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Natural Gas Still Not a Buy

(October 14, 2010)

Dear Subscribers and Readers,

The last time we discussed the topic of natural gas prices at length was nearly a year ago in our December 10, 2009 commentary (“A Word on Natural Gas”).  In that commentary, we stated:

Earlier in the year, we were looking and waiting for an opportunity to buy natural gas, given the decline in drilling rates and the production decline in traditional wells.  At the time, we did not anticipate the high productivity in shale gas wells.  In late August, we (finally) got bearish on natural gas, and specifically on the natural gas ETF (UNG).  At the time, it traded at $11.35, and has since declined to $9.11 a share.  All gas watchers are now focusing on the weekly natural gas storage report to be released today at 10:30am EST, as the US finally experienced a short burst of cold weather last week (if this does not result in a big storage withdrawal, then watch out below).  However, the fundamental problem of “too much gas” remains.  Even as drilling rates have declined, domestic storage levels and natural gas production remain stubbornly high.  At the same time, global LNG production continues to ramp up – suggesting that US natural gas imports could easily satisfy any “demand spikes” should US consumption recovers in the foreseeable future.

In addition, natural gas imports in 2008 as a percentage of U.S. consumption had declined to its lowest level since 1998—suggesting that any marginal increase in demand (as mentioned) could easily be satisfied through an increase in imports.  Interestingly (and ominously for the natural gas bulls), natural gas imports last year as a percentage of U.S. consumption declined again, as shown in the following chart:

Figure SR2. Net Imports as Percentage of Domestic Consumption, 1995 - 2009

Note that natural gas imports—at just 12% of U.S. consumption—is at its lowest level in at least 15 years.  This decline in natural gas imports isn't a surprise, given the glut in natural gas drilling, production, and storage levels.  According to Baker Hughes, the natural gas rig count increased from 712 on October 2, 2009, to 962 on October 1, 2010.  Moreover, there has been a growing share of horizontal drilling rigs in the lower-48 states—resulting in more efficient and increased production.  Furthermore, natural gas inventories are just slightly below last year's record-high levels, as shown in the following chart courtesy of the EIA:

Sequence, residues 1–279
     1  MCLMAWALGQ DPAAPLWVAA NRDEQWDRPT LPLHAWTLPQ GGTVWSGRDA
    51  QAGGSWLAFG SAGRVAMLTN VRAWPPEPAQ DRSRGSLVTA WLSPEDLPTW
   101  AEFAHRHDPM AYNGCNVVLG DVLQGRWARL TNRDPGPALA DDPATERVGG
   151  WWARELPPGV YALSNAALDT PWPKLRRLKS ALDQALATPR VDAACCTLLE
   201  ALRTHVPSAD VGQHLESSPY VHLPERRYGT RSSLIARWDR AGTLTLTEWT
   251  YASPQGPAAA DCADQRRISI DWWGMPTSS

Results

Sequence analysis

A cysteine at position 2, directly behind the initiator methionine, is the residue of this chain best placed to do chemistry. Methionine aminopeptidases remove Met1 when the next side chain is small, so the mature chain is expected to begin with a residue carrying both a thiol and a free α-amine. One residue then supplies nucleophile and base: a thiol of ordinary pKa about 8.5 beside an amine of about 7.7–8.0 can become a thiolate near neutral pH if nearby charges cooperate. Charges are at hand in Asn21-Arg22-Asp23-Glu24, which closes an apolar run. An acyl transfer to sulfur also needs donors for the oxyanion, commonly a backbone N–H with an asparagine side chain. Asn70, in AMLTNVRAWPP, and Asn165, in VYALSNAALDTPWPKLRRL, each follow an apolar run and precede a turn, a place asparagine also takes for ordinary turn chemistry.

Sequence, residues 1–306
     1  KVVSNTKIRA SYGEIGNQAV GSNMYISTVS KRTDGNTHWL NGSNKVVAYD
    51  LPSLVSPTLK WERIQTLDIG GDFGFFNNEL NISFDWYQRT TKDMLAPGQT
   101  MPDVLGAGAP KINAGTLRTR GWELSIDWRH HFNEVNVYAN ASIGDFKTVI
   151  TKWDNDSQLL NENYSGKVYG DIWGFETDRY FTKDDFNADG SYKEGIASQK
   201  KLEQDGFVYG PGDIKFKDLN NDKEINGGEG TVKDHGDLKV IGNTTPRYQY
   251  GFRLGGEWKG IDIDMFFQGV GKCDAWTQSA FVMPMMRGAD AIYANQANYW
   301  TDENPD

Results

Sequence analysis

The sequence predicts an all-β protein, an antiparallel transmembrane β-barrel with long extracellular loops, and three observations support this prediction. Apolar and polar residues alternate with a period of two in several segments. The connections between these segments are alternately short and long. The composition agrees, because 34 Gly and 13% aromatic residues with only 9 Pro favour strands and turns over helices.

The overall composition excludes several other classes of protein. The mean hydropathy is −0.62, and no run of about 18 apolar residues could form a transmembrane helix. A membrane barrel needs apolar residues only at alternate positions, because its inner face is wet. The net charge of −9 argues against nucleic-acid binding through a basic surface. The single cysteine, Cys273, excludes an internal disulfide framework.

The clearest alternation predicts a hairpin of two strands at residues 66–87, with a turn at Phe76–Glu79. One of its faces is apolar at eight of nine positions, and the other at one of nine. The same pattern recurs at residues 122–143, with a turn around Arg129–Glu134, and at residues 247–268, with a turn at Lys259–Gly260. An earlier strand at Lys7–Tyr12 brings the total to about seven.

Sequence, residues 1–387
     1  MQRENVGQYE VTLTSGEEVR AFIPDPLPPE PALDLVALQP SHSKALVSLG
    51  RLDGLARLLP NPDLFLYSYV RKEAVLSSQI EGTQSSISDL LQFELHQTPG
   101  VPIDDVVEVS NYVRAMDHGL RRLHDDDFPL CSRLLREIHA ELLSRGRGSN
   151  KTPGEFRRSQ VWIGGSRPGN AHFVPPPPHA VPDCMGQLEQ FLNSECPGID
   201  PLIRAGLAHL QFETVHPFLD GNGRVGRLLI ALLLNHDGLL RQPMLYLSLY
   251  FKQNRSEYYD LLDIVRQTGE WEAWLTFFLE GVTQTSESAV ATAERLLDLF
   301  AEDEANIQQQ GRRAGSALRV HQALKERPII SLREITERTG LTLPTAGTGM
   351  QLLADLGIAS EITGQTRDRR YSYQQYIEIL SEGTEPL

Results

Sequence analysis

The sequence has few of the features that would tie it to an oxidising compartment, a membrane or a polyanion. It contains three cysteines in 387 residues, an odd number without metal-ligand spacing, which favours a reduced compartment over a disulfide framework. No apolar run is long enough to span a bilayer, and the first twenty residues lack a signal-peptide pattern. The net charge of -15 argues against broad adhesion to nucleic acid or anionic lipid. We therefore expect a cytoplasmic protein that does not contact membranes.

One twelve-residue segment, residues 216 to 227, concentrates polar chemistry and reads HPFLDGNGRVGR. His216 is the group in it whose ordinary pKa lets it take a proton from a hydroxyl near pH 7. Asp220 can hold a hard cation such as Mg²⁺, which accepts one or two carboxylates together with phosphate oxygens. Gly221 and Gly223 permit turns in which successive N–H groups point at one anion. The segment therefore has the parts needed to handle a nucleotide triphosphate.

Finally, NOAA is predicting a heating season that is 3% warmer than last year, and a December 2010 to February 2011 period that is 7.4% warmer than that of last year:

Bottom line: Despite an anticipated slowdown in new natural gas drilling, there is no shortage of domestic production.  In fact, a recent study by MIT concluded that 80 years of global natural gas consumption could be developed profitably at a natural gas price of US$4 or below.  Again, for subscribers who want to take advantage of a recovering US economy, buying UNG (especially given the significant contango and seasonal spreads) is not the way to go.  Since our December 10, 2009 commentary, the price of UNG has declined further—from $9.11 a share to $5.86 a share.  At this time, I do not see any long opportunities in UNG unless it declines another 20% or so, and only if it takes the back end of the natural gas futures curve along with it.  A milder winter, coupled with a rise in the U.S. Dollar Index, may do the trick.  For now, I want our subscribers to be mindful of UNG and other commodity ETFs in general.

Signing off,

Henry To, CFA

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